The savings for each employee who gets access to treatment can be as high as $5,000 to $10,000 each year. Also, workers with depression who take appropriate medication save an average of 11 sick days a year.

At the University of Saskatchewan, the EAP provides faculty and staff, as well as their immediate families, with counselling and consultation services. The program includes training and other stress prevention resources.

People who are unhappy at work take more sick days.

In 2002, there were 129 disability days for every 100 workers who were unhappy at work, compared with 47 days off for workers who were happy at work.

The annual cost of work time lost to stress was estimated at $12 billion in 2002.

Source: Statistics Canada

Air Canada and its labour unions have a joint EAP for employees and their families. Specially-trained members of the union, management and non-management, available at work, direct employees to the right professional resources.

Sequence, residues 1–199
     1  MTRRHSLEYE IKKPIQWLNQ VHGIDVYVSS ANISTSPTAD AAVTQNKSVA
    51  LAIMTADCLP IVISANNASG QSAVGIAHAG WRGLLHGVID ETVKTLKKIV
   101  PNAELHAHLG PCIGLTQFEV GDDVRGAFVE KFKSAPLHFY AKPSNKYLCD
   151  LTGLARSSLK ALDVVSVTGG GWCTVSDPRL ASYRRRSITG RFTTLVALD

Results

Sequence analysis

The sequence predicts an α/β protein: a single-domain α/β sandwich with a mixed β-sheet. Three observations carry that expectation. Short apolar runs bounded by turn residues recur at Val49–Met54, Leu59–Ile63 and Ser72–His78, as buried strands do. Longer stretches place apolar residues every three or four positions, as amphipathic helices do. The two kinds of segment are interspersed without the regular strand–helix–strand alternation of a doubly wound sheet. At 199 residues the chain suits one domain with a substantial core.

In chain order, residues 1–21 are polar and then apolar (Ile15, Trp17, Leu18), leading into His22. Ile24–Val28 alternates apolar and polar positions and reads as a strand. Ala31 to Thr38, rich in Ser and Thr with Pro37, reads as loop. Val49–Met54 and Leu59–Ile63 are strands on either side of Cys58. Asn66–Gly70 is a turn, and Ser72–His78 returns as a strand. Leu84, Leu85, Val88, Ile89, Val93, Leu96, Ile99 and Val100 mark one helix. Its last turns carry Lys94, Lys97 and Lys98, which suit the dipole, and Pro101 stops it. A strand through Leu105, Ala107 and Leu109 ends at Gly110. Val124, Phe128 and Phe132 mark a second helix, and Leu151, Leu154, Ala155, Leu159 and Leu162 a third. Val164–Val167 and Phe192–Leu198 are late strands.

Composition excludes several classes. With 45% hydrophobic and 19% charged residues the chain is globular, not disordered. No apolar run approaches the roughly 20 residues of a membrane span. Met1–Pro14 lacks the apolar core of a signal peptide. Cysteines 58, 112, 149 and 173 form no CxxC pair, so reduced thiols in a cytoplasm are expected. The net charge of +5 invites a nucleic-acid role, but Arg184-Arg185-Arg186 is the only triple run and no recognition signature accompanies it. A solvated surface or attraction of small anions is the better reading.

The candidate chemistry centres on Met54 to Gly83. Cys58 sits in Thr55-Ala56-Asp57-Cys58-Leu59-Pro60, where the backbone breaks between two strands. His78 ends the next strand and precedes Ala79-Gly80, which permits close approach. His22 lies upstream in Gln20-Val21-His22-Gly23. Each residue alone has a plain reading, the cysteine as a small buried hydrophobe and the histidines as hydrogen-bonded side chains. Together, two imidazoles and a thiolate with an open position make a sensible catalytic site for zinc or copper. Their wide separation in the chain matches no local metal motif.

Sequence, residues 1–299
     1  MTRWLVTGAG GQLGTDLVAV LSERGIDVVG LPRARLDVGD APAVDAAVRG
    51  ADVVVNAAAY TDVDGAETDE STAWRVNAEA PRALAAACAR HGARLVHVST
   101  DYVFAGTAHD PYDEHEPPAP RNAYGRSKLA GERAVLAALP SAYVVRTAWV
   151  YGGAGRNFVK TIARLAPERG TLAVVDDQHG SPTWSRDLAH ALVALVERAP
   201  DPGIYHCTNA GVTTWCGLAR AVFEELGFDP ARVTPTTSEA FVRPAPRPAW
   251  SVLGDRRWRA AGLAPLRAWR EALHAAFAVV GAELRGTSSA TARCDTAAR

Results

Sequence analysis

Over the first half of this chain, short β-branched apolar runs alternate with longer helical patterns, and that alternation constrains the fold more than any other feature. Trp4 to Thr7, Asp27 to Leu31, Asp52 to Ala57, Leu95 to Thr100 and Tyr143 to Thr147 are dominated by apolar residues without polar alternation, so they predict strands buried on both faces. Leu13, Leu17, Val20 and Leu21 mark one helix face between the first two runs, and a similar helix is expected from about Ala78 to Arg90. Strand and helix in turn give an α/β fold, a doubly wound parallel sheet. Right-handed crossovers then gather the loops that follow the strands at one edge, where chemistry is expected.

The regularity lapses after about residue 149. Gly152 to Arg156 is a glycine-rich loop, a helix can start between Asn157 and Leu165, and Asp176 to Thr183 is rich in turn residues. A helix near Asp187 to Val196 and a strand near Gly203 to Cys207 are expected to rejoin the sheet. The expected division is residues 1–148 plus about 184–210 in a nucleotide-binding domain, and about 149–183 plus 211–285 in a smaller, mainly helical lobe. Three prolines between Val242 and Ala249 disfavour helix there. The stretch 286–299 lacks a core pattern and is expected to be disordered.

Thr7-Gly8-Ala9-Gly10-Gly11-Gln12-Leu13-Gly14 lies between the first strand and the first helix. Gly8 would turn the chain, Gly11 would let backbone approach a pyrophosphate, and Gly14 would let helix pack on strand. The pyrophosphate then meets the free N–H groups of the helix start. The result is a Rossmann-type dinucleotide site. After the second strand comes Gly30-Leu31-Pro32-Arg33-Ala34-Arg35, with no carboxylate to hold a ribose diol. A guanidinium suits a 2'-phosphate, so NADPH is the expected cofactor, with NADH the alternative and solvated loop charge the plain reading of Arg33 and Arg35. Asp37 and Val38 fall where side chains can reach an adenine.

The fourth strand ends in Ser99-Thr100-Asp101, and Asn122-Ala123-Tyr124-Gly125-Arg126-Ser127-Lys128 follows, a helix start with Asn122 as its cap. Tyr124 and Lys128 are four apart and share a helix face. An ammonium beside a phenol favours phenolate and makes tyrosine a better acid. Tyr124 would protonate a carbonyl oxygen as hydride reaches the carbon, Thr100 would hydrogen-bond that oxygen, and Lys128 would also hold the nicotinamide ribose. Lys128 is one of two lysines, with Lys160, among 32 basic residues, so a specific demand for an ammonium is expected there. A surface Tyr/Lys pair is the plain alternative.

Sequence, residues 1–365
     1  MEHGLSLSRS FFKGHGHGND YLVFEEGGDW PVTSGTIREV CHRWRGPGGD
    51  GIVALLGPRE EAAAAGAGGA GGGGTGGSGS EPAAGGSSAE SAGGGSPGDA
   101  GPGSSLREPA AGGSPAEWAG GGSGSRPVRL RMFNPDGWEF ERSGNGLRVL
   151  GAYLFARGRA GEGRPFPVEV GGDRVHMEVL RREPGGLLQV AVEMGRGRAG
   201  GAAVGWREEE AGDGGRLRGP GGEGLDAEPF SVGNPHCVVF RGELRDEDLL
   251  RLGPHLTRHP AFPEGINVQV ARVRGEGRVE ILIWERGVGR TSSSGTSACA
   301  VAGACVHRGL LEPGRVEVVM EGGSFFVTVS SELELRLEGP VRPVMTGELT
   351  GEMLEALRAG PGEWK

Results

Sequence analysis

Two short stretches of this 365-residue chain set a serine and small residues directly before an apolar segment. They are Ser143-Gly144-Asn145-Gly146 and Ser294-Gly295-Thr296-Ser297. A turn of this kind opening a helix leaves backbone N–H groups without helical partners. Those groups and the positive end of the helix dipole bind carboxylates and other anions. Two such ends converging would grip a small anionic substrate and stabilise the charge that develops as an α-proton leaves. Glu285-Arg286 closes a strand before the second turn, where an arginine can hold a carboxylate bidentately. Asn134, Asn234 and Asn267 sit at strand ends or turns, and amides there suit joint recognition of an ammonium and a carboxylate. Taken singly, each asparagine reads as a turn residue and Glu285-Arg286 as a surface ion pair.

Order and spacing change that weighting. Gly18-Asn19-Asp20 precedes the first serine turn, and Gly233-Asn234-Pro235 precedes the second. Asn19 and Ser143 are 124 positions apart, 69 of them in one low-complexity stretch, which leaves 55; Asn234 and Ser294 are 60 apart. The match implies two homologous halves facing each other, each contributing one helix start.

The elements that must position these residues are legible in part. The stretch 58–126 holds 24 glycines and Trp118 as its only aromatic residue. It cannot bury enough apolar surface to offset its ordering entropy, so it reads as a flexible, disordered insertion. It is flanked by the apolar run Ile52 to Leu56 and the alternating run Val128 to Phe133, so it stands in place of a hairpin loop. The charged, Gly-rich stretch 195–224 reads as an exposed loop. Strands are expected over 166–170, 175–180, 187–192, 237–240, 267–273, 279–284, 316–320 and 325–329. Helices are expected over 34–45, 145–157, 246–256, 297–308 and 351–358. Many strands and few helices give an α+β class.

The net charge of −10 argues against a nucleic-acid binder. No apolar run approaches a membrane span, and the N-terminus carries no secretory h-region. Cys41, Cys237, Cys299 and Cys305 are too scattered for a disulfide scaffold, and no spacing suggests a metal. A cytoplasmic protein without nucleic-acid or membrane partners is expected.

The Employee Assistance Services (EAS) bureau of Health Canada provides a comprehensive EAP that includes trauma response, wellness and organizational development expertise and services. This office has provided professional and personal counselling to members of public and para-public organizations and their families in Canada, the U.S. and Europe for 25 years.

Whatever the type of stress-prevention policy that an employer chooses, they should have the following key elements, according to the Chartered Institute of Personnel and Development (CIPD):

  • A clear statement to show commitment to promote health and well-being for all employees.
  • The support of senior management.
  • Constant review to ensure the policies maximize employee well-being.
  • Review of key indicators of employee well-being.
  • Effective advice, support, counselling and training.
  • Evaluation of all well-being initiatives.

The positive effects of such policies are considerable both to the employee and employer. When these measures are in place, promoted workers can more easily step into their new roles with a sense of confidence and remain healthy, while the organization reaps the benefits in terms of financial outcomes.